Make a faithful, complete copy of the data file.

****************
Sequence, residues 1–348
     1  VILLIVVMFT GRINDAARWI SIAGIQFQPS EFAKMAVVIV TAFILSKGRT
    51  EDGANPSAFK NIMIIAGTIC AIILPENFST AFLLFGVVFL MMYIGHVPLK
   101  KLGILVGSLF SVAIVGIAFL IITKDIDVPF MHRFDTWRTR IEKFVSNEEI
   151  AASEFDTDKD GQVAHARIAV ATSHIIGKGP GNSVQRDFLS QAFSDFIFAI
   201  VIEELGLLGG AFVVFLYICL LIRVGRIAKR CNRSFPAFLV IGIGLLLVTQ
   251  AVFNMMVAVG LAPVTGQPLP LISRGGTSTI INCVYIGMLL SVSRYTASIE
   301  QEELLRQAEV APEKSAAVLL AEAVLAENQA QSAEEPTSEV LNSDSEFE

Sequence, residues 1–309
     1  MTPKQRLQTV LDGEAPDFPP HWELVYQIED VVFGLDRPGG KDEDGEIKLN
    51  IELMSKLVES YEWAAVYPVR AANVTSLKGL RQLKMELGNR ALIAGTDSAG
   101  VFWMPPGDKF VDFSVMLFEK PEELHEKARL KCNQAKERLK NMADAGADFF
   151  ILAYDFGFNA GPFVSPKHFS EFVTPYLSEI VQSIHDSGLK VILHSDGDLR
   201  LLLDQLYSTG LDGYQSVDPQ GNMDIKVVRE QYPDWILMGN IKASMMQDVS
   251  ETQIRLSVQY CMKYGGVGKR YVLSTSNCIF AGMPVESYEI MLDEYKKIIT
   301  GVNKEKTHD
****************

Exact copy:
Sequence, residues 1–348
     1  VILLIVVMFT GRINDAARWI SIAGIQFQPS EFAKMAVVIV TAFILSKGRT
    51  EDGANPSAFK NIMIIAGTIC AIILPENFST AFLLFGVVFL MMYIGHVPLK
   101  KLGILVGSLF SVAIVGIAFL IITKDIDVPF MHRFDTWRTR IEKFVSNEEI
   151  AASEFDTDKD GQVAHARIAV ATSHIIGKGP GNSVQRDFLS QAFSDFIFAI
   201  VIEELGLLGG AFVVFLYICL LIRVGRIAKR CNRSFPAFLV IGIGLLLVTQ
   251  AVFNMMVAVG LAPVTGQPLP LISRGGTSTI INCVYIGMLL SVSRYTASIE
   301  QEELLRQAEV APEKSAAVLL AEAVLAENQA QSAEEPTSEV LNSDSEFE

Sequence, residues 1–309
     1  MTPKQRLQTV LDGEAPDFPP HWELVYQIED VVFGLDRPGG KDEDGEIKLN
    51  IELMSKLVES YEWAAVYPVR AANVTSLKGL RQLKMELGNR ALIAGTDSAG
   101  VFWMPPGDKF VDFSVMLFEK PEELHEKARL KCNQAKERLK NMADAGADFF
   151  ILAYDFGFNA GPFVSPKHFS EFVTPYLSEI VQSIHDSGLK VILHSDGDLR
   201  LLLDQLYSTG LDGYQSVDPQ GNMDIKVVRE QYPDWILMGN IKASMMQDVS
   251  ETQIRLSVQY CMKYGGVGKR YVLSTSNCIF AGMPVESYEI MLDEYKKIIT
   301  GVNKEKTHD